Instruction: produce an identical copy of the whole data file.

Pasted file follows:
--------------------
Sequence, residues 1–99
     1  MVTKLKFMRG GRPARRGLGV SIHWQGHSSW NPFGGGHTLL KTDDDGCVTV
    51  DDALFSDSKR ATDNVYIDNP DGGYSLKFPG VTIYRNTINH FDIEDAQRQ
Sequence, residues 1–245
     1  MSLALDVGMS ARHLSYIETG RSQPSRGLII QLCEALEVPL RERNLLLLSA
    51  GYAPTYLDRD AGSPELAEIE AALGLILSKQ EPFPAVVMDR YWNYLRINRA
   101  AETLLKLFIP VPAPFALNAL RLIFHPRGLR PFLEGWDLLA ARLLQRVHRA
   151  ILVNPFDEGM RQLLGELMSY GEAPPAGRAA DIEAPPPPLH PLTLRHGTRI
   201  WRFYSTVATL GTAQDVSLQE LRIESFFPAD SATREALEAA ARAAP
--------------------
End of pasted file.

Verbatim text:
Sequence, residues 1–99
     1  MVTKLKFMRG GRPARRGLGV SIHWQGHSSW NPFGGGHTLL KTDDDGCVTV
    51  DDALFSDSKR ATDNVYIDNP DGGYSLKFPG VTIYRNTINH FDIEDAQRQ
Sequence, residues 1–245
     1  MSLALDVGMS ARHLSYIETG RSQPSRGLII QLCEALEVPL RERNLLLLSA
    51  GYAPTYLDRD AGSPELAEIE AALGLILSKQ EPFPAVVMDR YWNYLRINRA
   101  AETLLKLFIP VPAPFALNAL RLIFHPRGLR PFLEGWDLLA ARLLQRVHRA
   151  ILVNPFDEGM RQLLGELMSY GEAPPAGRAA DIEAPPPPLH PLTLRHGTRI
   201  WRFYSTVATL GTAQDVSLQE LRIESFFPAD SATREALEAA ARAAP